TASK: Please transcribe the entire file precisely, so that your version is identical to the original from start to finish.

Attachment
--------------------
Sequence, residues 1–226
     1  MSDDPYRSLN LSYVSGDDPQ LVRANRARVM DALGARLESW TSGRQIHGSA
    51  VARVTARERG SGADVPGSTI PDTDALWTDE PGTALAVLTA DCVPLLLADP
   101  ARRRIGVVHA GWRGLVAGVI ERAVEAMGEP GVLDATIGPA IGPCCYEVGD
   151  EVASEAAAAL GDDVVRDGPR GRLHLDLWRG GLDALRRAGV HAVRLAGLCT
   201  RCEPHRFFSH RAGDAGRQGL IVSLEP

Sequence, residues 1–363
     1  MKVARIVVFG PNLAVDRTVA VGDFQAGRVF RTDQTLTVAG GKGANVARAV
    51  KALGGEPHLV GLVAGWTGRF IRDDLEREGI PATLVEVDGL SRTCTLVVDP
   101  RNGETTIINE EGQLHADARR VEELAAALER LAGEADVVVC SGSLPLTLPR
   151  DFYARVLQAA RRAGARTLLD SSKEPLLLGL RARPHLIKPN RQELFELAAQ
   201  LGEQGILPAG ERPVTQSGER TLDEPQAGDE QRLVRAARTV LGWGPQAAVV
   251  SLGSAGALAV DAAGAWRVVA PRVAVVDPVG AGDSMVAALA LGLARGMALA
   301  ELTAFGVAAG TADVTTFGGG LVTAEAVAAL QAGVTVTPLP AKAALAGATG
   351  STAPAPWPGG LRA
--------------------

Sequence, residues 1–226
     1  MSDDPYRSLN LSYVSGDDPQ LVRANRARVM DALGARLESW TSGRQIHGSA
    51  VARVTARERG SGADVPGSTI PDTDALWTDE PGTALAVLTA DCVPLLLADP
   101  ARRRIGVVHA GWRGLVAGVI ERAVEAMGEP GVLDATIGPA IGPCCYEVGD
   151  EVASEAAAAL GDDVVRDGPR GRLHLDLWRG GLDALRRAGV HAVRLAGLCT
   201  RCEPHRFFSH RAGDAGRQGL IVSLEP

Sequence, residues 1–363
     1  MKVARIVVFG PNLAVDRTVA VGDFQAGRVF RTDQTLTVAG GKGANVARAV
    51  KALGGEPHLV GLVAGWTGRF IRDDLEREGI PATLVEVDGL SRTCTLVVDP
   101  RNGETTIINE EGQLHADARR VEELAAALER LAGEADVVVC SGSLPLTLPR
   151  DFYARVLQAA RRAGARTLLD SSKEPLLLGL RARPHLIKPN RQELFELAAQ
   201  LGEQGILPAG ERPVTQSGER TLDEPQAGDE QRLVRAARTV LGWGPQAAVV
   251  SLGSAGALAV DAAGAWRVVA PRVAVVDPVG AGDSMVAALA LGLARGMALA
   301  ELTAFGVAAG TADVTTFGGG LVTAEAVAAL QAGVTVTPLP AKAALAGATG
   351  STAPAPWPGG LRA